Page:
Believing with you that religion is a matter which lies solely between man and his God, that he owes account to none other for his faith or his worship, that the legislative powers of government reach actions only, and not opinions, I contemplate with sovereign reverence that act of the whole American people which declared that their legislature should "make no law respecting an establishment of religion, or prohibiting the free exercise thereof," thus building a wall of separation between Church and State.
Few lines of presidential correspondence have entered the nation's language as firmly as Jefferson's description of the First Amendment to the Constitution as "a wall of separation between Church and State." Debates about how seriously to take this one letter, which have become numerous, miss the point. Jefferson, perhaps the nation's most truly secular president, always represented a minority view on questions of religion.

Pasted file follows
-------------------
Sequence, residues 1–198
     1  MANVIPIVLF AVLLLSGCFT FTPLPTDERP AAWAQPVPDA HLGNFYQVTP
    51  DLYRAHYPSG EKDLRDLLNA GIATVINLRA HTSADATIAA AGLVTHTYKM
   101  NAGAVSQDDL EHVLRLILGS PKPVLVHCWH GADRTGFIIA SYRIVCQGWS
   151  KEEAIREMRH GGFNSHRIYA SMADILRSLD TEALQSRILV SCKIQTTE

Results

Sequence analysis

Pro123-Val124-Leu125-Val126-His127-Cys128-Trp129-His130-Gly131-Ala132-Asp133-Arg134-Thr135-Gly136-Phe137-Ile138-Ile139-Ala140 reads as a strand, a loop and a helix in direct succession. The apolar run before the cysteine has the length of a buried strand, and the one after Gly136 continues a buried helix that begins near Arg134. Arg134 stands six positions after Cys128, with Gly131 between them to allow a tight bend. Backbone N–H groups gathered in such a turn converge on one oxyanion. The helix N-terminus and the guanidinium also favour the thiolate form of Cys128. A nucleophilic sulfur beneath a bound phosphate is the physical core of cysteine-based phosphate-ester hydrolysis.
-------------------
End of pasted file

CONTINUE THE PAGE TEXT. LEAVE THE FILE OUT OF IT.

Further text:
During his last year in office, Jefferson again noted the clear line he drew between the civil government and the various religious groups of the nation. Differing from his predecessors—and successors-he declined to call for a national day of fasting and prayer. For him that was a matter for religious groups: "I consider the government of the U.S. as interdicted by the Constitution from intermeddling with religious institutions, their doctrines, discipline, or exercises.... Every religious society has a right to determine for itself the times for these exercises, & the objects proper for them, according to their own particular tenants; and this right can never be safer than in their own hands, where the constitution has deposited it." For the nation's third president, the line was very clear indeed.